The European Union’s General Data Protection Regulation 2016/679 (GDPR) comes into effect on May 25, 2018, and it’s going to affect every business operating in the EU or dealing with EU customers. The new regulation replaces the outdated European Data Protection Directive that was adopted in 1995 and is designed to harmonize data privacy laws across the EU member states, protecting EU citizens’ personal data.
GDPR is really about standardizing the way businesses handle people’s personal data, and making consumers confident it’s in safe hands. Every time you commit to something online – like opening a bank account, joining a social networking website or booking a flight, you hand over vital personal information like your name, address and credit card number. This is personal and/or sensitive information. With high-profile data breaches and hacking on the rise, GDPR looks to tighten security and keep things safe.
Key terms and definitions
Controller – “the natural or legal person, public authority, agency or other body which, alone or jointly with others, determines the purposes and means of the processing of personal data.” This is you, the business operating in the EU or dealing with EU customers.
Processor – “a natural or legal person, public authority, agency or other body which processes personal data on behalf of the controller.” This is your cloud storage provider and/or data protection vendor such as NetShop ISP.
Personal data – “any information relating to an identified or identifiable natural person.” This is the focal point and the reason for the entire GDPR.
Data subject – the person identifiable by the personal data. These are the people who may ask you to reveal, edit or delete the personal information that you store about them on your servers. You will have to answer every request in a timely manner or risk hefty fines.
Right to be forgotten – data subjects have “the right to have his or her personal data erased and no longer processed.” People may request that you delete all their personal data stored on your servers. At this stage, it is not clear if the right to be forgotten also means removing data from backups, because certain types of storage media, for example, tapes, do not allow deleting bits of data without destroying the entire backup. Your business may also be subject to certain backup retention policies for archiving and legal purposes.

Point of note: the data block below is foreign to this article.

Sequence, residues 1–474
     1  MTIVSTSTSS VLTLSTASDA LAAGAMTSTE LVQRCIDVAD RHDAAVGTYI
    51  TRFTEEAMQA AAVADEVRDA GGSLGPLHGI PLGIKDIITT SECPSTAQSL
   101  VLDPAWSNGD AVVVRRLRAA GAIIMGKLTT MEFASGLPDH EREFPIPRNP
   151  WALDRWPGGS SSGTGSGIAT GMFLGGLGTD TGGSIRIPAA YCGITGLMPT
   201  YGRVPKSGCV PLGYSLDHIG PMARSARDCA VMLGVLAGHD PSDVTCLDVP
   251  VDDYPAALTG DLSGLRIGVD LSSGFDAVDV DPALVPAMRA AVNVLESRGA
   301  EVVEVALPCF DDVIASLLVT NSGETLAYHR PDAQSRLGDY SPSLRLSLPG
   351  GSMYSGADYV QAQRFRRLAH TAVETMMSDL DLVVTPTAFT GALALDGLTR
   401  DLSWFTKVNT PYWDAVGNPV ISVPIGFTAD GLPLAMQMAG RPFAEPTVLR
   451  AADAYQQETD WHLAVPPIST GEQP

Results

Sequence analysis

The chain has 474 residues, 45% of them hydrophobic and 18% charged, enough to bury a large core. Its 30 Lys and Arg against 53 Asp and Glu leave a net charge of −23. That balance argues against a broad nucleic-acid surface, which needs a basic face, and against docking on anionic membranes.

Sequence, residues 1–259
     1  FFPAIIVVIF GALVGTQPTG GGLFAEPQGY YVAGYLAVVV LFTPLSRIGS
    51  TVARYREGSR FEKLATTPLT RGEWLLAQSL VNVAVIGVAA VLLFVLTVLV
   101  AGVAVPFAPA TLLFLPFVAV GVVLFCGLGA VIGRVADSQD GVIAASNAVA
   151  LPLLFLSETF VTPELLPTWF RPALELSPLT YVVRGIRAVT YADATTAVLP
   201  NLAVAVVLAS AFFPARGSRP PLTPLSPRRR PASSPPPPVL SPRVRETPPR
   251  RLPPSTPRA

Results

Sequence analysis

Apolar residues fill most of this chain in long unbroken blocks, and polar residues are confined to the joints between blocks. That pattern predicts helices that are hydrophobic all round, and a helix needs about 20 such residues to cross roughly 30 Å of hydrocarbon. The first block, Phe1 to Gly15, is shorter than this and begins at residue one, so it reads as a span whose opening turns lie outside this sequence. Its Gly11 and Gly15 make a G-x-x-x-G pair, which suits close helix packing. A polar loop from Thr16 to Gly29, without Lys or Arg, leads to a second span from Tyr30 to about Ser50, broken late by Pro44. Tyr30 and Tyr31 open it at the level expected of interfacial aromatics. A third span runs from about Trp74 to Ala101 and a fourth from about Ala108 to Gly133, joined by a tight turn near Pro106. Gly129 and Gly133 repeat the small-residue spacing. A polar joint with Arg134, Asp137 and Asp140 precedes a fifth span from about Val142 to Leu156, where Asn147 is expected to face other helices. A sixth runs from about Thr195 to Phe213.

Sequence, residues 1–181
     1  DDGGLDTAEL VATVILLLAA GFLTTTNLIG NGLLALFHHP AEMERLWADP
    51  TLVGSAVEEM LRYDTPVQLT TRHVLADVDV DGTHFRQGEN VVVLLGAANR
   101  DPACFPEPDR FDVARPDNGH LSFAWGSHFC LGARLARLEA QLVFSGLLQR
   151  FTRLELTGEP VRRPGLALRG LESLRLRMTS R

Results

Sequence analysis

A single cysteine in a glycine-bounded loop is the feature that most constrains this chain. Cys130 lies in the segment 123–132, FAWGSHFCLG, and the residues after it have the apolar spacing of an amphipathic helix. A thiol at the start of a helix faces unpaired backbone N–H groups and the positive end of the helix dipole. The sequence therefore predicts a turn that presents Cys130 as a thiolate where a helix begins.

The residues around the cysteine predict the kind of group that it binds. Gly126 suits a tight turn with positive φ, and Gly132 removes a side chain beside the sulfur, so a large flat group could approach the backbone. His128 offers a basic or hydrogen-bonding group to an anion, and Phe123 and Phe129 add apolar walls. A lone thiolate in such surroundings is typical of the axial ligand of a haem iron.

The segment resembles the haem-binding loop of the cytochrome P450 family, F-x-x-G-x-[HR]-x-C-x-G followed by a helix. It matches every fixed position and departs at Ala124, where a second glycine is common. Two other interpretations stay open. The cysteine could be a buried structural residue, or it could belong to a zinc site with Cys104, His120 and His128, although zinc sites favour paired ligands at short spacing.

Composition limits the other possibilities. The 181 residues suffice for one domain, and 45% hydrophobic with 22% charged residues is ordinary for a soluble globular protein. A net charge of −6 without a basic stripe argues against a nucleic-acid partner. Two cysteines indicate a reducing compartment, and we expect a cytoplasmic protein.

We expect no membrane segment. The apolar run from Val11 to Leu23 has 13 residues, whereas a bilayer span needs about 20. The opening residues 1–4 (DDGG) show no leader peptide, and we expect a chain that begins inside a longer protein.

Personal data breach – “a breach of security leading to the accidental or unlawful destruction, loss, alteration, unauthorised disclosure of, or access to, personal data transmitted, stored or otherwise processed.” You will have to report data breach incidents to “the supervisory authority” within 72 hours after becoming aware of it.
Service contract – a service agreement between controller and processor.
Data Protection Officer (DPO) – a new position in your company who will be responsible for all issues related to the protection of personal data.
Key requirements of GDPR
The GDPR requires any business operating in the EU or foreign business dealing with EU customers to store and process all personal data within the European borders (unless there is an explicit permission from the data subject to keep his or her data outside the EU).
Personal data can only be kept for as long as it is required for the initial purpose and must be protected in accordance with the new rules. Both the controller and the processor are required to “implement appropriate technical and organisational measures to ensure a level of security appropriate to the risk,” including data encryption and pseudonymisation (“the processing of personal data in such a way that the data can no longer be attributed to a specific data subject without the use of additional information.”)
The GDPR also calls for a comprehensive reporting mechanism to help the controller identify personal data stored on their servers and also confirm its storage location, encryption or deletion when requested. There must also be an easy way for an external auditor to verify your reports.
What about non-EU companies? How does GDPR affect them and their dealings?
Many EU businesses have non-EU offices, or trade with non-EU companies. In fact, GDPR extends the scope of its EU data protection law to all foreign companies processing data of EU residents. In this way, things are actually made easier for non-EU companies. They will adhere to one set of standardised data protection regulations so they won’t need to wade through a minefield of differing rules depending on which country they’re working with.
Dealing with your cloud storage and data protection vendor
The GDPR impose new security and contractual requirements on organizations (controllers) dealing with cloud service providers and data protection vendors such as NetShop ISP (processors).
The relationship between controllers and processors can be summarised by the following points:
– Cloud service providers have to offer sufficient guarantee that the service meets technical and organizational requirements of the new regulation.
– Service contracts between the controller and the processor prohibit the use of subcontractors without the consent of the controller.
– On termination of the service contract, all data must be removed from the cloud and the processor must provide sufficient proof that it has been done.
– Controllers have a duty to report data breach incidents to the regulatory body.
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